A combination of concerns about slowing growth in China and Brazil and a messy end to this week’s Greece PSI, saw markets nose dive yesterday and the declines continue in Asia, while sentiment is likely to remain uncertain as various institutions continue to break cover to announce whether they will, or won’t, participate in the PSI.

Following on from Monday’s announcement that the 12 members of the IMF Greece creditor’s steering committee, including BNP Paribas and Deutsche Bank would be participating in the Greece debt swap, all the remaining Greek banks followed suit.

In a surprise development at least four Greek pension funds have refused to take part in the bond swap, after coming under pressure from workers unions, worried about the effect on the viability of their funds. They obviously didn’t get the memo from finance minister Venizelos about hold-outs not getting paid out in full, and CAC’s being triggered whether investors agreed or not.

Sentiment wasn’t really helped by a leaked report from the IIF that a Greek default and exit could cost as much as €1trn, by way of a ripple effect through the European banking system.

While this has all the hallmarks of the IIF talking their book, investors adopted a safety first approach and drove markets lower. This story does have to be tempered by a totally separate independent report that argues that the final bill for keeping Europe together could go as high as €2.4trn over the next four years.

Whatever the outcome on Thursday Europe’s other problem remains one of a lack of growth as confirmed by yesterday’s negative 0.3% Q4 GDP number.

With economic data continuing to point to the possibility of a double-dip recession, today’s German factory orders for January look set to reinforce that perception.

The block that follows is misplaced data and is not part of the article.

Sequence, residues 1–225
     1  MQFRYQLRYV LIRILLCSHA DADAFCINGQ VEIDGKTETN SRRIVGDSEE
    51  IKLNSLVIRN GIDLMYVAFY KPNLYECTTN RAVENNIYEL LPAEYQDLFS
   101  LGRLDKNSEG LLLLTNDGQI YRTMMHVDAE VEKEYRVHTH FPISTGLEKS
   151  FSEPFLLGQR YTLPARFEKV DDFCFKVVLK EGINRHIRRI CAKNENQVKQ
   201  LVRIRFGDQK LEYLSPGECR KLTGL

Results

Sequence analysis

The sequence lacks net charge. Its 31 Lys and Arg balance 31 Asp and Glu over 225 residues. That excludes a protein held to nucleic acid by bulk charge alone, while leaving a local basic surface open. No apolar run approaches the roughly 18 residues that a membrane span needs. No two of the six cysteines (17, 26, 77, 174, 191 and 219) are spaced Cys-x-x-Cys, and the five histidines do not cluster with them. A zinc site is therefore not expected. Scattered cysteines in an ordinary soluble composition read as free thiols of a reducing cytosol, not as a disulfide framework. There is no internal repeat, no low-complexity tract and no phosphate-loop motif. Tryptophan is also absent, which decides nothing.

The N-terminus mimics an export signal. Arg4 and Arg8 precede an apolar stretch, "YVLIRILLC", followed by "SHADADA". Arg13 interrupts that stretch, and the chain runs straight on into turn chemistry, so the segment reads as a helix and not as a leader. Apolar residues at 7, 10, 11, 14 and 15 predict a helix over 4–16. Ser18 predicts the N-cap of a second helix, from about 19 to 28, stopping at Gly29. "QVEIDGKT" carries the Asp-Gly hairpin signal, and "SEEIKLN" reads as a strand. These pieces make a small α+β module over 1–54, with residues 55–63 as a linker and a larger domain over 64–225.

Expectations are for a decline of 1.7% year on year and a rise of 0.6% month on month down from a December 1.7% rise.

The US economy continues to behave independently to the Europe with all eyes today on the latest ADP employment report for February. Expectations are for an increase in jobs to 210k from January’s 170k jobs number, with markets hoping that a good number will provide a welcome boost after yesterday’s sharp losses in equity markets.

In the wake of this week’s decision by the RBA to hold rates Australian Q4 GDP was expected to come in at 0.8%, so it was somewhat surprising to see it come under at half that rate at 0.4%.

This lower than expected growth could well prompt the central bank to act and start to cut rates again in the coming months. If unemployment numbers come in higher than expected later this week then the likelihood of this could well increase.

EURUSD – the trend line support from the January lows at 1.2625 and 38.2% Fibonacci retracement of the 1.2625/1.3490 up move at 1.3160/70 level soon gave way and opens up a potential move towards the 50% level of the same move at 1.3050, as well as the February lows at 1.2975.
The 100 day MA at 1.3290 remains a key level and we could well see a further rebound back towards this level, while the 4 hour charts remain oversold.
There remains a risk of a rebound back towards 1.3370, which is the breakout level from the double top formation at 1.3490.
Only above the 1.3490 level negates the bearish set up and argues 1.3630.

GBPUSD – further declines in the last 24 hours have seen the cable fall back again, breaking the 1.5800 level towards the 1.5700 level and back near the key support levels at the February lows at 1.5645 as well as the 55 day MA at the 1.5660 area. If this level were to break we could well see further sharp losses towards 1.5530 and 1.5420. Pullbacks should find resistance at or around the 1.5830 area.

EURGBP – the euro continues to find support near the bottom end of its recent range but just above trend line support at 0.8305 from the January lows at 0.8220.
Further downside pressure continues to be the dominant theme; however we could see pullbacks towards the 0.8400 level. A move through the 0.8300 level retargets the January range lows at 0.8220.

USDJPY – yesterday’s yen rebound has put downward pressure on the US dollar pulling the price action back into the Ichimoku cloud, below 81.00.
Last week’s low at 80.00 should act as support if we get there as should the bottom of the cloud at 79.65.
The weekly close above the Ichimoku cloud resistance at 81.00 remains a positive indicator for further gains and needs to close the week above 81.00 for the scenario to remain intact for a move to 82.85.